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This journal is written by Kuma (Felis catus) and Kuma's owner Y (homo sapiens). We have moved from Japan to Australia in 2011.


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2016-03-11 03:49   The day my life has changed

Y (Kuma's owner)

Five years ago today, I was in Japan. I was an Adobe Flash creator, mainly making online games, but I didn't have a job on that day and I was relaxing with my four cats without knowing what would happen. My husband was also at home and he was working.

It was before 3 p.m.; the massive earthquake struck us. I was in the living room and quickly held on to the water tank of tropical fish with my hands. The water splashed everywhere, my four cats lost countenance and walked around the living room. My house was shaking unbelievably. I hoped it would stop soon, but it didn't. I felt it lasted so long, and it was really long. It went on for more than 200 seconds. The time of shaking was 7 to 10 times longer than the Great Hanshin Earthquake and the Niigata Chuetsu Earthquake.

I thought that that day might be the last day of my life.

After the shaking stopped, my husband turned on the TV and we were waiting for the latest news coming in. I checked around inside the house' the water tank lost some water but it was OK, and the fish looked scared. The living room floor was wet with sprinkled water from the tank. The books fell onto the floor, and the kitchen shelf doors were all locked automatically. (Japan has many earthquakes and some daily necessities have a special function corresponding to earthquakes. For example, heaters have to have the function that extinguishes the flame when earthquakes occur. This is decided by law.)

I could see the people on TV were all in utter confusion. All the TV stations changed their program to the news. After a while, I realised what happened. The epicentre was offshore of Fukushima Pref. I sent some text to my friends and made sure they were all right. Then I went outside. There were neighbors on the street. They found that there was a gap of about 1 to 2 cm between the boundary of the public street and our sites which were flat before the earthquake. Unbelievably, the massive energy made the ground rise up. We lived roughly about 400 km from the epicentre. If we lived near the epicentre how much damage would we get?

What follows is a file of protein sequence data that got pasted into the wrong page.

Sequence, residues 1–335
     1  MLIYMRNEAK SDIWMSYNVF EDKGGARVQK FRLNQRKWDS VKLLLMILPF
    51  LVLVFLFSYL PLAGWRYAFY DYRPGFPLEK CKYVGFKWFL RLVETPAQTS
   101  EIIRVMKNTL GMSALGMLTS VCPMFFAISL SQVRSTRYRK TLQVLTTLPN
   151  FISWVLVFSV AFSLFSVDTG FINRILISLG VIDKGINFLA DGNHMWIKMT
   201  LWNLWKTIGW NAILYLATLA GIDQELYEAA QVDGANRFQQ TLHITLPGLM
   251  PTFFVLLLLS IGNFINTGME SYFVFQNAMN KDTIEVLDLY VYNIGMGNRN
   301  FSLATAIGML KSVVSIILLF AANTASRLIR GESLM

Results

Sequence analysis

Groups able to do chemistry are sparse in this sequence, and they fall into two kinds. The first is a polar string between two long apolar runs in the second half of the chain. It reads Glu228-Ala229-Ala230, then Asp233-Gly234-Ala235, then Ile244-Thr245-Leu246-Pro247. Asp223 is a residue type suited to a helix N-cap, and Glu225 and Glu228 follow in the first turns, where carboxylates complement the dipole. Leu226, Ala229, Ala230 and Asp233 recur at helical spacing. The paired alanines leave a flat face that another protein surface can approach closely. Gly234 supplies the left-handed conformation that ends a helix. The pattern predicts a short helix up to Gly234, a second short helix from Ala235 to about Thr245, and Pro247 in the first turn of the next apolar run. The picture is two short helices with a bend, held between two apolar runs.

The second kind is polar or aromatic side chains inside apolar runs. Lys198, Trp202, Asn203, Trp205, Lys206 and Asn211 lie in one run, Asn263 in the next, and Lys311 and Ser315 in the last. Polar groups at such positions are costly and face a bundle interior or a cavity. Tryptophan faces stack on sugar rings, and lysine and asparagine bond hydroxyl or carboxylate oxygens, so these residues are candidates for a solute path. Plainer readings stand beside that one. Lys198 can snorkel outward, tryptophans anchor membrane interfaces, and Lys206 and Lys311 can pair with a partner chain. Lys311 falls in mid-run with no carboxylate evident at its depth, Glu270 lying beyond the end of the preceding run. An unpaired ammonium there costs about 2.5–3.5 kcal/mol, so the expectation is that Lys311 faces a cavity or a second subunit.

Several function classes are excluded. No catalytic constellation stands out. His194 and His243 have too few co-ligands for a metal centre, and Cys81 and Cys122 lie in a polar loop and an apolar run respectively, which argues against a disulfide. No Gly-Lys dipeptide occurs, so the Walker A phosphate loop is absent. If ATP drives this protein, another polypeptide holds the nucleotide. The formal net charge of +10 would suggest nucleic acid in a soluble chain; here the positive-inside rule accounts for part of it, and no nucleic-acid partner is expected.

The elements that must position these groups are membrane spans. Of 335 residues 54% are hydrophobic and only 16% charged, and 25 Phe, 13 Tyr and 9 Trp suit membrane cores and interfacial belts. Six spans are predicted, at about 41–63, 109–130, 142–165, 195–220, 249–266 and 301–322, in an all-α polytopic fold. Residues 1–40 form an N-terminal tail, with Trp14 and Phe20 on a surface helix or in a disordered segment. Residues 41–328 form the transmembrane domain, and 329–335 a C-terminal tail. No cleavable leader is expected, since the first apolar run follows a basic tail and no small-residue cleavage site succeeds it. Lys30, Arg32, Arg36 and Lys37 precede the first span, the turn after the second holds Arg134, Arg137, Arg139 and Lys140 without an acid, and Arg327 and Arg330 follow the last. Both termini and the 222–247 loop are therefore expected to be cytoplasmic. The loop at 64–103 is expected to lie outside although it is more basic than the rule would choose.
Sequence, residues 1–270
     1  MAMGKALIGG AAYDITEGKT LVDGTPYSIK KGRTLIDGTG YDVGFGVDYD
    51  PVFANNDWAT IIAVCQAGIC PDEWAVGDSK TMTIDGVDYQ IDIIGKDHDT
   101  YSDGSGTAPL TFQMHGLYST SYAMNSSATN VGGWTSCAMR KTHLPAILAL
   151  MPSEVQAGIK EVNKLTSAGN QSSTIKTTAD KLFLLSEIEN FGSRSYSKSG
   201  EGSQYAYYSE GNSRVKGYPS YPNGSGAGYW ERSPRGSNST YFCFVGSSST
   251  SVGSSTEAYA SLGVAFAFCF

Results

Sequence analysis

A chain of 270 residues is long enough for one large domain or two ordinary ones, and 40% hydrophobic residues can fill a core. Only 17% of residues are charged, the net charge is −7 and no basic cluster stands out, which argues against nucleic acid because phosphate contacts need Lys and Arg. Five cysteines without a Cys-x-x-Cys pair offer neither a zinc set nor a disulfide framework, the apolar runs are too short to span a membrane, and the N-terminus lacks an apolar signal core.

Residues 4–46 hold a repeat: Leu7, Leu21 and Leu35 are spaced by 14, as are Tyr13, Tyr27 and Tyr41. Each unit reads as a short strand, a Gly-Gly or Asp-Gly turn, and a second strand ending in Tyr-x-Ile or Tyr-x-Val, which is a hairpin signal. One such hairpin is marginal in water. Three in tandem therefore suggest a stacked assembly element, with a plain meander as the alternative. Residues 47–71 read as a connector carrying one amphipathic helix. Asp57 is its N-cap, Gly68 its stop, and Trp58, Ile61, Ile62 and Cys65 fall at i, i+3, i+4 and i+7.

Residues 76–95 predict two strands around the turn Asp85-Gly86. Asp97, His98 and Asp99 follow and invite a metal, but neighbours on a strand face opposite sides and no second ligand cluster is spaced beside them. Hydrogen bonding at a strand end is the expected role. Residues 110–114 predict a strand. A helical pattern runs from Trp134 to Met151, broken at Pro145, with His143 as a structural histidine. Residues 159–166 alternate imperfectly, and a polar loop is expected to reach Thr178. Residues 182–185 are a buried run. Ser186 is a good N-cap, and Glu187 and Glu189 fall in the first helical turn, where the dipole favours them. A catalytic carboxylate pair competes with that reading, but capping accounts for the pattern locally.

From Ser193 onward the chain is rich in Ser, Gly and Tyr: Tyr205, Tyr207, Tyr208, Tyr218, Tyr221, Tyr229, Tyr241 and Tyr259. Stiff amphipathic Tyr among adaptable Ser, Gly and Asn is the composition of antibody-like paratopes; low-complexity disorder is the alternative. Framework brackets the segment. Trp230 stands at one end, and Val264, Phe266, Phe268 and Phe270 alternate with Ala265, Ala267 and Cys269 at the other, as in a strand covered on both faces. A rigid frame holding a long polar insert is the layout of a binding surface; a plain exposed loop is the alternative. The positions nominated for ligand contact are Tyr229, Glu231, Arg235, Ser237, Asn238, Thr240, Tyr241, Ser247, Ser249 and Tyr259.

I went back to the living room to hear about the damage on the TV. I don't remember when I heard the news about the Fukushima nuclear reactors. I just remember that I thought the awful thing had started. We had a guideline book for nuclear accidents and we knew what to do. We stopped the ventilator and closed all the windows. Sometimes, we talked with our neighbor about the direction of the wind because we thought that winds might contain radio activity.

As time passed, people knew the details of damages including the Fukushima Nuclear Power Plant. That news of the nuclear reactor left us uneasy, very uneasy. That was not only the news that made us feel uneasy, we saw the scene of the damage to the town in Fukushima. It was an awful disaster. Many people died, and of course domestic animals and wild animals died as well. The beautiful scenery has gone and almost everything around Fukushima was devastated. It was very sad.

I suddenly recalled the memory that I had read "The Little Prince" by Antoine de Saint-Exupery when I was small. There was a phrase ""The most beautiful things in the world cannot be seen or touched." This story tells something good or beautiful, but I thought the opposite. The most dangerous things cannot be seen, touched, tasted or smelt. You know what I mean. I was worrying about cesium, strontium, plutonium and so on. We didn't know what was going on inside the reactor, and five years past, we still don't know what is going on now accurately.

Pandora's box has opened.

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